Figure 1.  Diagram for $\bar B^0_s$ decay into $J/\psi$ and a primary $s \bar s$ pair.

      We study the process of $ a_0 $ and $ f_0 $ production, following the lines of Refs. [3] and [38], and by taking experimental information on the $ B_s \to J/\psi \pi^+ \pi^- $ reaction, we make predictions for the rate of $ B_s \to J/\psi \pi^0 \eta $ production and the shape of the $ \pi^0 \eta $ mass distribution. The branching fraction obtained for this latter decay is of the order of $ 5\times 10^{-6} $, well within the range of rates already measured and reported by the PDG [40], which should stimulate its measurement in the future.

    II.   FORMALISM
    • The mechanism at the quark level for the $\bar{B}_s^0 \to J/\psi \pi^+ \pi^- (\pi^0 \eta)$ reaction is depicted in Fig. 1, having an $ s\bar{s} $ pair with isospin $ I = 0 $ at the end. Note that the light scalars $ f_0(980) $ and $ a_0(980) $ have $ I = 0, 1 $, respectively. The production of $ f_0(980) $ is isospin conserved, while the production of $ a_0(980) $ is isospin forbidden and involves isospin violation.

      To obtain $ \pi^+\pi^- $ or $ \pi^0\eta $ in the final state in Fig. 1, we need to hadronize the $ s\bar s $ pair by introducing an extra $ \bar q q $ pair with vacuum quantum numbers. We start with the $ q \bar q $ matrix M in SU(3),

      $ M = \left( {\begin{array}{*{20}{c}} {u\bar u}&{u\bar d}&{u\bar s}\\ {d\bar u}&{d\bar d}&{d\bar s}\\ {s\bar u}&{s\bar d}&{s\bar s} \end{array}} \right).$

      (1)

      Next, we write the matrix M in terms of pseudoscalar mesons, assuming that the $ \eta $ is $ \eta_8 $ of SU(3),

      $ M \to {\cal P} = \left( {\begin{array}{*{20}{c}}\\[-5pt] {\dfrac{1}{{\sqrt 2 }}{\pi ^0} + \dfrac{1}{{\sqrt 6 }}\eta + \dfrac{1}{{\sqrt 3 }}\eta '}&{{\pi ^ + }}&{{K^ + }}\\ {{\pi ^ - }}&{ - \dfrac{1}{{\sqrt 2 }}{\pi ^0} + \dfrac{1}{{\sqrt 6 }}\eta + \dfrac{1}{{\sqrt 3 }}\eta '}&{{K^0}}\\ {{K^ - }}&{{{\bar K}^0}}&{ - \sqrt {\dfrac{2}{3}} \eta + \sqrt {\dfrac{1}{3}} \eta '}\\ \end{array}} \right),$

      (2)

      which is often used in chiral perturbation theory [4]. On the other hand, when we consider the Bramon $ \eta-\eta' $ mixing [41], the matrix M can be written as

      $ M \to {{\cal P}^{({m})}} = \left( {\begin{array}{*{20}{c}} {\dfrac{1}{{\sqrt 2 }}{\pi ^0} + \dfrac{1}{{\sqrt 3 }}\eta + \dfrac{1}{{\sqrt 6 }}\eta '}&{{\pi ^ + }}&{{K^ + }}\\ {{\pi ^ - }}&{ - \dfrac{1}{{\sqrt 2 }}{\pi ^0} + \dfrac{1}{{\sqrt 3 }}\eta + \dfrac{1}{{\sqrt 6 }}\eta '}&{{K^0}}\\ {{K^ - }}&{{{\bar K}^0}}&{ - \dfrac{1}{{\sqrt 3 }}\eta + \sqrt {\dfrac{2}{3}} \eta '} \end{array}} \right).$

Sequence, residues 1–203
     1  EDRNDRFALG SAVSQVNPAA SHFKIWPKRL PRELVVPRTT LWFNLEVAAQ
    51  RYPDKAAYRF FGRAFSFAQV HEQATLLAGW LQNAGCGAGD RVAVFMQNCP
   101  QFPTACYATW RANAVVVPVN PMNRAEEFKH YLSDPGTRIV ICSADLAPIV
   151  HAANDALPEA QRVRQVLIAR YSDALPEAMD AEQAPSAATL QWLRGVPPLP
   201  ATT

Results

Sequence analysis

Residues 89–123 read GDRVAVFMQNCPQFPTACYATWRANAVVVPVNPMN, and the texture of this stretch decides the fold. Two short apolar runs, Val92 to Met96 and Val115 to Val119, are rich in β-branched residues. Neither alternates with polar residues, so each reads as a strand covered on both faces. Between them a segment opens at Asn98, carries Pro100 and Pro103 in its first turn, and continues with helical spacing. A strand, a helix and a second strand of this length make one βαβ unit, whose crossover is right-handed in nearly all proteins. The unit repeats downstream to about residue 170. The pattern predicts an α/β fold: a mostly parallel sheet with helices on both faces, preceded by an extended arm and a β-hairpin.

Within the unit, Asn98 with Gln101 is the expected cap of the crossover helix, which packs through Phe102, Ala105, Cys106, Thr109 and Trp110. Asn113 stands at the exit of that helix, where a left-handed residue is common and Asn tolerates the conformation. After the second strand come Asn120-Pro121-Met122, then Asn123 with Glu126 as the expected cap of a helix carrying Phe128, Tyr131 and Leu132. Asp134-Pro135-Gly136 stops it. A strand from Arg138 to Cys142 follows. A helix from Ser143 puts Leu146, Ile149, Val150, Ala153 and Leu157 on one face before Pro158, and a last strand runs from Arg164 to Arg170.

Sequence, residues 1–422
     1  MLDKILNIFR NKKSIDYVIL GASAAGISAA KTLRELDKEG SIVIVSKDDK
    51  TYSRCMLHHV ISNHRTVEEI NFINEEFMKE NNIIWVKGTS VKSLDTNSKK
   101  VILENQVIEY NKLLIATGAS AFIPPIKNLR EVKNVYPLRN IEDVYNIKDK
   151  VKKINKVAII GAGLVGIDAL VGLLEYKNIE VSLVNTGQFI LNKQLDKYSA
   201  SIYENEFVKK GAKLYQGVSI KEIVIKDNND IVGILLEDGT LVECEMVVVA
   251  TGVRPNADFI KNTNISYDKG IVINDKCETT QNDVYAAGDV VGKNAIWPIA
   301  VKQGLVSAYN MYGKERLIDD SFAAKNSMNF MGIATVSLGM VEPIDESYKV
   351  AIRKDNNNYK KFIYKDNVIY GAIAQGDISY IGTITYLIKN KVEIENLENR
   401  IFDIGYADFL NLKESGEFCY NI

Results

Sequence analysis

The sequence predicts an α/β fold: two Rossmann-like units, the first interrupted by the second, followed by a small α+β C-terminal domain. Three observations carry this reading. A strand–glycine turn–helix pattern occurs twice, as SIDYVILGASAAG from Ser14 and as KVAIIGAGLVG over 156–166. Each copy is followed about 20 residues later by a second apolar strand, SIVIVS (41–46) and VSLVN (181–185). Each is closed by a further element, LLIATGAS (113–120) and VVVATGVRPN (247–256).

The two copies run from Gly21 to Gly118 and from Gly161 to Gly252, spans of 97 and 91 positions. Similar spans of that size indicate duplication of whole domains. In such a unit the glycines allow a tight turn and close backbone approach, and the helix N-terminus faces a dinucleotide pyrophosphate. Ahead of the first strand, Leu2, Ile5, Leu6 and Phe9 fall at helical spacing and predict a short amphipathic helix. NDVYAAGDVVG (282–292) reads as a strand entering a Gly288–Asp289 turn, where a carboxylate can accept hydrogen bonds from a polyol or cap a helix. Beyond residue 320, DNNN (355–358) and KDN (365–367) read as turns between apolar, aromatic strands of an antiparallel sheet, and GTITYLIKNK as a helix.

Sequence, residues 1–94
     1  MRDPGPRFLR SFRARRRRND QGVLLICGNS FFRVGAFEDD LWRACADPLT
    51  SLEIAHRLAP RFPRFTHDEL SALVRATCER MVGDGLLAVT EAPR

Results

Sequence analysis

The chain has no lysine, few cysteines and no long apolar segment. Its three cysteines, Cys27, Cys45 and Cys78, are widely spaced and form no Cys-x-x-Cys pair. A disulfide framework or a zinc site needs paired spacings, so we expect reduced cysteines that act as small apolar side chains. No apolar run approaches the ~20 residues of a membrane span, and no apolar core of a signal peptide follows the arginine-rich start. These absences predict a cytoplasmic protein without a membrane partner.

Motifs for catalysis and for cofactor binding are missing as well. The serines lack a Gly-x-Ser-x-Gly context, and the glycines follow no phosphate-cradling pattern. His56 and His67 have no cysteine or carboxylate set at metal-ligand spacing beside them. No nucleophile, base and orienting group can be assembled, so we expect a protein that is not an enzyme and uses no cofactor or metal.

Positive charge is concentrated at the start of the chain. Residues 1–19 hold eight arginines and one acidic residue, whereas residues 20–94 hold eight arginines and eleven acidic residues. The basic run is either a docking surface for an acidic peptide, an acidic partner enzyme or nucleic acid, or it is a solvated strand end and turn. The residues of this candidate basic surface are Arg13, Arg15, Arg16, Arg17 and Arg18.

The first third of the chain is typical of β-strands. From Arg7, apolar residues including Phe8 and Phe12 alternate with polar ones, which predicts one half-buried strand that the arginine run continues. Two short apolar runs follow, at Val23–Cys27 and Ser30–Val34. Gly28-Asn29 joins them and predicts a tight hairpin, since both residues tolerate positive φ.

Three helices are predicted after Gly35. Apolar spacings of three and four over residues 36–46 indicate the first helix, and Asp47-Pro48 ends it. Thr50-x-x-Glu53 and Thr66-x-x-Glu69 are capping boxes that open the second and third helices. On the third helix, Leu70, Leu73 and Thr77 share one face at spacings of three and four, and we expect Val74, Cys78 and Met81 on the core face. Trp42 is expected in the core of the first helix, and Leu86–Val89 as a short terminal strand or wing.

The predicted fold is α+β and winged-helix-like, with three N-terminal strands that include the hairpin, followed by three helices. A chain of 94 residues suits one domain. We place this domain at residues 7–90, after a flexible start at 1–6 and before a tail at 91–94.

(3)

      Since the $ \eta' $ is inessential in the dynamical generation of the $ f_0(980) $ and $ a_0(980) $ resonances [4], we will ignore the $ \eta' $ in the present work.

      After hadronization of the $ s \bar s $ component, we obtain

      $ s\bar s \to H = \sum\limits_i s\, \bar q_i q_i \, \bar s = \sum\limits_i {\mathcal{P}}_{3i} \; {\mathcal{P}}_{i3}\, = ({\mathcal{P}}^2)_{33}. $

      (4)

      In the case without $ \eta-\eta' $ mixing, the matrix $ \mathcal{P} $ of Eq. (2) is used, and then the hadron component H in Eq. (4) is given by

      $ H = K^-K^+ + \bar K^0 K^0 + \frac{2}{3}\, \eta \eta. $

      (5)

      In the case with $ \eta-\eta' $ mixing, one uses matrix $ \mathcal{P}^{(m)} $ of Eq. (3), and obtains

      $ H = K^-K^+ + \bar K^0 K^0 + \frac{1}{3}\, \eta \eta, $

      (6)

      differing only in the $ \eta\eta $ component, which affects the production of $ f_0 $ but not the production of $ a_0 $. We define the weight of the $ PP $ components in H as

      $ h_{K^+K^-} = 1,\; \; \; \; h_{K^0 \bar K^0} = 1,\; \; \; \; h_{\eta\eta} = \frac{2}{3},\; \; \; \; h_{\eta\eta}^{(\mathrm{m})} = \frac{1}{3}. $

      (7)

      One can see that neither Eq. (5) nor Eq. (6) contains $ \pi^+ \pi^- $ or $ \pi^0 \eta $, but they can be produced by the final state interaction of the $ K \bar K $ and $ \eta \eta $ components, as depicted in Fig. 2. The transition matrix from the $ PP $ state to $ \pi^+ \pi^- $ or $ \pi^0 \eta $ is represented by the circle behind the meson–meson loop in Fig. 2, which contains the information of $ f_0(980) $ and $ a_0(980) $ respectively. According to the method in Ref. [4] (the chiral unitary approach), these resonances are the result of the $ PP $ interaction in the coupled channels $ K\bar K, \pi\pi, \pi\eta, \eta\eta $.

      Figure 2.  Final state interaction of the hadron components leading to $\pi^+\pi^-$ or $\pi^0 \eta$ in the final state.

      By using the unitary normalization [4, 38], the amplitude for the $ \bar{B}_s^0 \to J/\psi \pi^+ \pi^- $ decay, as a function of the $ \pi^+\pi^- $ invariant mass $ M_{\rm{inv}}(\pi^+\pi^-) $, is given by [38]